Following examination the cows were then randomly assigned (by drawing lots) to one of three treatment strategies:  individualised homeopathic (n=60), placebo (n=60) or antimicrobial (n=60).  The farmer was blinded as to homeopathic/placebo treatment but not the antimicrobial treatment as this had a different means of administration.  All other study personnel, including the veterinarians carrying out the examinations, were blinded to all treatment types.

Immediately before entering the trial, milk samples were taken from all four udder quarters of the included cows, and their clinical and homeopathic symptoms were documented.  Follow-up milk samples and clinical examinations took place after 7, 14 and 28 days. At each examination the veterinarian classified the cows as responsive or non-responsive to the treatment given.  Milk samples were analysed for pathogens and somatic cell count (SCC).  All 180 animals entered into the study were analysed according to the group they were allocated to regardless of whether or not they were excluded from the study before it ended.

At the start of the trial, 120/180 pre-treatment milk samples showed positive for bacterial growth, with no bacterial culture detected in the remaining 60 cases.  At the first follow-up check (day 7) using EMEA criteria, 81% of the mastitis pathogens found on day 0 had been eliminated in the antimicrobial group, 43% in the homeopathic group and 45% in the placebo group.  Where no mastitis pathogen had been found at day 0 there was no difference in bacteriological cure rates between the three groups. Cytological cure rates were similar to the bacteriological cure rates.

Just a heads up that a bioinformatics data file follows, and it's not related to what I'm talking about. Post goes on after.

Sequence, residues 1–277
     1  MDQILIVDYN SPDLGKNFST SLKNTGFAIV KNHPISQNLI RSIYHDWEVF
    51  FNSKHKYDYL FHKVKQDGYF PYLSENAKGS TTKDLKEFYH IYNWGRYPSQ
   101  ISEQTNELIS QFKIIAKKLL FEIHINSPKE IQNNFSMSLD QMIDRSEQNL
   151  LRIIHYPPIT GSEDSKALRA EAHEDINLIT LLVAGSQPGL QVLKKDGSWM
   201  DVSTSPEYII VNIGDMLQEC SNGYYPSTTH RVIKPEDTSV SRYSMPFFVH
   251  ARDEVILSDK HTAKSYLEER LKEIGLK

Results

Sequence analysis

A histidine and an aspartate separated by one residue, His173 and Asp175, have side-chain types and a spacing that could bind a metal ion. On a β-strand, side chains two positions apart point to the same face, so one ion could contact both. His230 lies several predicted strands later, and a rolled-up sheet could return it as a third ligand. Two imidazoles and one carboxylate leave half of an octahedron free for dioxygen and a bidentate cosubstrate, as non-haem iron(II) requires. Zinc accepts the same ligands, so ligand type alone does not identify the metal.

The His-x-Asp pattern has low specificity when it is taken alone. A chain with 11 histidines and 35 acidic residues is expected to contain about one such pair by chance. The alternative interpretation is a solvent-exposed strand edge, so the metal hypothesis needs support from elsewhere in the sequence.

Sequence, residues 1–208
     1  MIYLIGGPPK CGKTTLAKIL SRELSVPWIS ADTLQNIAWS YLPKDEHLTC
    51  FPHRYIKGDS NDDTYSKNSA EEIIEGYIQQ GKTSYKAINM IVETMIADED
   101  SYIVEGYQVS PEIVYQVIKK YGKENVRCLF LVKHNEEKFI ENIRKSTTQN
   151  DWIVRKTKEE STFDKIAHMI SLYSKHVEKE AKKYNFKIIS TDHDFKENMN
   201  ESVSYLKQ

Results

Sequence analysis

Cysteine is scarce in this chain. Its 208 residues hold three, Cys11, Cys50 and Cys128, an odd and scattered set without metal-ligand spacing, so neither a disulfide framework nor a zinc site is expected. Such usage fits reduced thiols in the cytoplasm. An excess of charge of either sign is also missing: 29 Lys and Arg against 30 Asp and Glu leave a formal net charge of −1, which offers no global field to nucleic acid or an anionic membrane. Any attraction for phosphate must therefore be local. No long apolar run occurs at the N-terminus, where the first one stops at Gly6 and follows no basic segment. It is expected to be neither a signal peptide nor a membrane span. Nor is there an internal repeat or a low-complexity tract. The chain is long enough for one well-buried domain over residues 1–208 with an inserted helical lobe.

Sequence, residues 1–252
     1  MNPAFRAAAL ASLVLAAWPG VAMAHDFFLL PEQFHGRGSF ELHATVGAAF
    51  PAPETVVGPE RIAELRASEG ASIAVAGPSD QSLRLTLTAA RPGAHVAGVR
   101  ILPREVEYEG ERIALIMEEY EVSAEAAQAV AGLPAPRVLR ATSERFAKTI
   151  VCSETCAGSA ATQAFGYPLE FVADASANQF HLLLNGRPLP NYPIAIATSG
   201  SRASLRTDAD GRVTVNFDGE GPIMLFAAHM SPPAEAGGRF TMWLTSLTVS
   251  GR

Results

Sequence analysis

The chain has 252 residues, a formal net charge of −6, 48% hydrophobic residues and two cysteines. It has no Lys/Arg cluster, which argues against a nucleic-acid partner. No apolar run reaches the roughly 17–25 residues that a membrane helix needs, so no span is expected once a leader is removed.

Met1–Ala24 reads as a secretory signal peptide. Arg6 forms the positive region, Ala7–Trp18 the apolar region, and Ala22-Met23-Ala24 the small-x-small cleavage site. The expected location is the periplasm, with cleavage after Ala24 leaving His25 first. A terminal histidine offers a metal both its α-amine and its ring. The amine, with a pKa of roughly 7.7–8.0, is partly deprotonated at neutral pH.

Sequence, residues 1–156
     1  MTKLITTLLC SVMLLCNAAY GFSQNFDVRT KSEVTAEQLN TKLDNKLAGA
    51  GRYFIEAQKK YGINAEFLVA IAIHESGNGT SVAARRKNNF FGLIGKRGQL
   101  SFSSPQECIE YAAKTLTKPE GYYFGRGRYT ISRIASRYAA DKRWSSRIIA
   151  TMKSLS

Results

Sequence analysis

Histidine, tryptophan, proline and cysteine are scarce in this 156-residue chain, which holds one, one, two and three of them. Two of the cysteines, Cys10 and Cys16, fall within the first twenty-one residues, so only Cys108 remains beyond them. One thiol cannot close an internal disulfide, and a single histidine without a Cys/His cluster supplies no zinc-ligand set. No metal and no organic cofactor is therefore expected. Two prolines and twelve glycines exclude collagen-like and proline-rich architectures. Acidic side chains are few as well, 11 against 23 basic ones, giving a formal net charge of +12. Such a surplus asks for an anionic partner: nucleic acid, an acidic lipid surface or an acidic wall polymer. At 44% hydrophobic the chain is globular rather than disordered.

At second follow-up (day 14) bacteriological cure rates were similar to day 7 with the homeopathic group having the highest number of cases in which the mastitis pathogens identified at day 0 were still present.  For cases with a negative result for bacterial growth at day 0 all three treatments groups were equally effective.  At 14 days the antimicrobial group had the best cytological cure rates, with an SCC decrease in 45/60 quarters, but only 14/60 quarters fell below the threshold.